I've been thinking a lot lately about the "nones" -- the one in five Americans who answer "none of the above" when asked about religion on surveys -- and how this growing segment of America's population approaches the end of life.
Most nones have some kind of belief in God, spirituality or a higher power without attributing it to a specific religion, but unlike followers of many religions, they don't always have a concrete belief in the afterlife. And among the nones, the increasing number of atheists by definition don't believe in a spiritual existence after death.
But of all of the deaths the nation has experienced in the last year -- including but not limited to the horrific shootings in Aurora, Colo. and Newtown, Conn. -- the public conversation about suffering and mourning has often been couched in the language of faith.
In "The Blessings of Atheism," a New York Times opinion piece that ran this weekend, atheist author Susan Jacoby took issue with the "endless talk about faith in God as the only consolation for those devastated" by murders, such as in Newtown. "Some of those grieving parents surely believe, as I do, that this is our one and only life," she wrote.
But Jacoby in part blamed atheists, who have made strides in political battles over issues such as the separation of church and state and keeping religion out of public institutions, for having such a limited voice when it comes to death.
"This widespread misapprehension that atheists believe in nothing positive is one of the main reasons secularly inclined Americans ... do not wield public influence commensurate with their numbers ... the most powerful force holding us back is our own reluctance to speak, particularly at moments of high national drama and emotion, with the combination of reason and passion needed to erase the image of the atheist as a bloodless intellectual robot."
In conversations with atheists, I've found that despite the lack of secular institutions and the loud voice Jacoby mentions, there's a broad need for atheists who can talk about death, console the grieving and oversee funerals and burials.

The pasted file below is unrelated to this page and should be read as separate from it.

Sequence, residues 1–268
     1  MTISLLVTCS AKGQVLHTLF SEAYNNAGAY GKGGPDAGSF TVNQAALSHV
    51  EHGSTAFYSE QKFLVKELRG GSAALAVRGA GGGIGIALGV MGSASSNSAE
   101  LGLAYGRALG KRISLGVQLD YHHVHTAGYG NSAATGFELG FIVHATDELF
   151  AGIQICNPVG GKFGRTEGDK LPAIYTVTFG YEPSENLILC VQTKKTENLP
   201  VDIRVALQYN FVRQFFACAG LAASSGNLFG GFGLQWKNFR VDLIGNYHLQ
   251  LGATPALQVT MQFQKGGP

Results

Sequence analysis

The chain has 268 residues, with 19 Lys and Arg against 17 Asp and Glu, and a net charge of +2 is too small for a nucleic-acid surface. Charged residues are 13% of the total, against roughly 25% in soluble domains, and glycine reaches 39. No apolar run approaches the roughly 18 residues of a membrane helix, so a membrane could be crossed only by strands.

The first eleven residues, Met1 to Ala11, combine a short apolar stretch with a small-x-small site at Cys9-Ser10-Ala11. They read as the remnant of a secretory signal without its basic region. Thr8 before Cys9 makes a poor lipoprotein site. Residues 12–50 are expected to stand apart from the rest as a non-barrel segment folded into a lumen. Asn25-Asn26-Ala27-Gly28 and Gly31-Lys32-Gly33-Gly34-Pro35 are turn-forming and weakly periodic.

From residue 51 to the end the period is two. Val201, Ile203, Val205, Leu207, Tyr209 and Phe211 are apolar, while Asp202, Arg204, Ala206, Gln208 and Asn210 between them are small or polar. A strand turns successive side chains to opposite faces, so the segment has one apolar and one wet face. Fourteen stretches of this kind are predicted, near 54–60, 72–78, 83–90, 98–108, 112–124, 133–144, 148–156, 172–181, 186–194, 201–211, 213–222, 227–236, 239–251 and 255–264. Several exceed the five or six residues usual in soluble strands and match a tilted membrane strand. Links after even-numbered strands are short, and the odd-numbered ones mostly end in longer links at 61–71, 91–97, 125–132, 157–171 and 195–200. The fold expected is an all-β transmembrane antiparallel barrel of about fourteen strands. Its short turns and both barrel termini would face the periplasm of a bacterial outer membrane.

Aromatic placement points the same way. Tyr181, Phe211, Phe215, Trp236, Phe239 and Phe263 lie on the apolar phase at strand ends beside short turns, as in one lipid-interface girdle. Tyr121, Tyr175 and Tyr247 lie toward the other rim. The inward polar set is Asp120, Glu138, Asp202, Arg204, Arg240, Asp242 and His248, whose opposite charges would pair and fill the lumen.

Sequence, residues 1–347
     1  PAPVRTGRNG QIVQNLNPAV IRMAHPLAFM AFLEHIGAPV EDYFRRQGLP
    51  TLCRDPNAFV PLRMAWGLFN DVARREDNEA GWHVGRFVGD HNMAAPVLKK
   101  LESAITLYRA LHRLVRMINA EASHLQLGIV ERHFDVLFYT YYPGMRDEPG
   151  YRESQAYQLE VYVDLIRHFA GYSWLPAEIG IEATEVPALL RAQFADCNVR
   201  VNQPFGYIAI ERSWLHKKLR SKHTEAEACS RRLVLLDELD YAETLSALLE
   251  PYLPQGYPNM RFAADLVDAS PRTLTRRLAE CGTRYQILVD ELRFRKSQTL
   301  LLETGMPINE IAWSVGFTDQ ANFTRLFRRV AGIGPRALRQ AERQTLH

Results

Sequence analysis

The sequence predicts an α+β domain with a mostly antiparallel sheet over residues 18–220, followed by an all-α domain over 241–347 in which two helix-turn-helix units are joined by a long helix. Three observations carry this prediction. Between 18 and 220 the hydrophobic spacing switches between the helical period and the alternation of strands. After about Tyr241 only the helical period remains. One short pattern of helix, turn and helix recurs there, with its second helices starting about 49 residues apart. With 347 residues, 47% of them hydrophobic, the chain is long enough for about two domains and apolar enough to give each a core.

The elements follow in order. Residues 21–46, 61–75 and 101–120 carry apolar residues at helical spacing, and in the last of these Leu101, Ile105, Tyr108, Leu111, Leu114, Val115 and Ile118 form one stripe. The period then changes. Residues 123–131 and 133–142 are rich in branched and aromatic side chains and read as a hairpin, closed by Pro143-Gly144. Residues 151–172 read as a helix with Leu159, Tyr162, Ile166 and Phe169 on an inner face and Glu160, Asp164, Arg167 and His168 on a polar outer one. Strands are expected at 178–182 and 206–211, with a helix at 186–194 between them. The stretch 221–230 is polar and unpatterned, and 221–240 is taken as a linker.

"My opinion is that memorial services and funerals are for the living. It's an important part of the grieving process for family and friends to have a way of memorializing the person. I think it's cheating your friends and relatives to not allow something like that," says Reba Boyd Wooden, the executive director of the Center for Inquiry Indiana and the co-director for the organization's national secular celebrant program.
Wooden, who also performs weddings for atheists, began training secular celebrants three years ago and says the demand for non-religious funerals and conversations about death has slowly but steadily increased. Like religious funerals, the gatherings often include readings and shared memories of lost loved ones, but no prayer. "For secular people our afterlife is the way we lived, the contribution we made to society, our influence on other people," Wooden says.
"There is very little to sugarcoat about death for the nonbeliever ... there is nothing personally comforting about our own existences' end, nor that of our loved ones," says Paul Fidalgo, who lives in Portland, Maine, and works on communications for CFI. Fidalgo believes the topic of death among atheists has been little explored outside secular circles. Death "is simply a fact that we must accept, and in all but the most dire and exceptional cases, struggle against," he says.
Jesse Galef, communications director of the Secular Student Alliance, told me death is a topic that regularly is discussed among the organization's members. The group has encouraged chapters to tackle the topic at meetings and has prepared a list of questions for them to discuss.
Here are some recent stories I've been reading at about death and nonbelievers:
- Patheos recently wrote about "Grief Beyond Belief," a group which helps supports atheists who have experienced death.
- The Humanist Society offers humanist celebrants for secular memorial services.
- In The Washington Post, religion reporter Michelle Boorstein recently interviewed atheists about how they teach their children about death.
- In a blog post at Center for Inquiry, Wooden asks if religion can provide answers in times of tragedy.
- One recent study published in Personality and Social Psychology Bulletin found that reminders of death in peoples' lives made them more religious. The results applied among Christians, Muslims and agnostics, but not among atheists.
Are you an atheist, a nonbeliever, secular humanist or count yourself among the "nones"? How has the conversation about death come up in your life? What are you reading about the topic?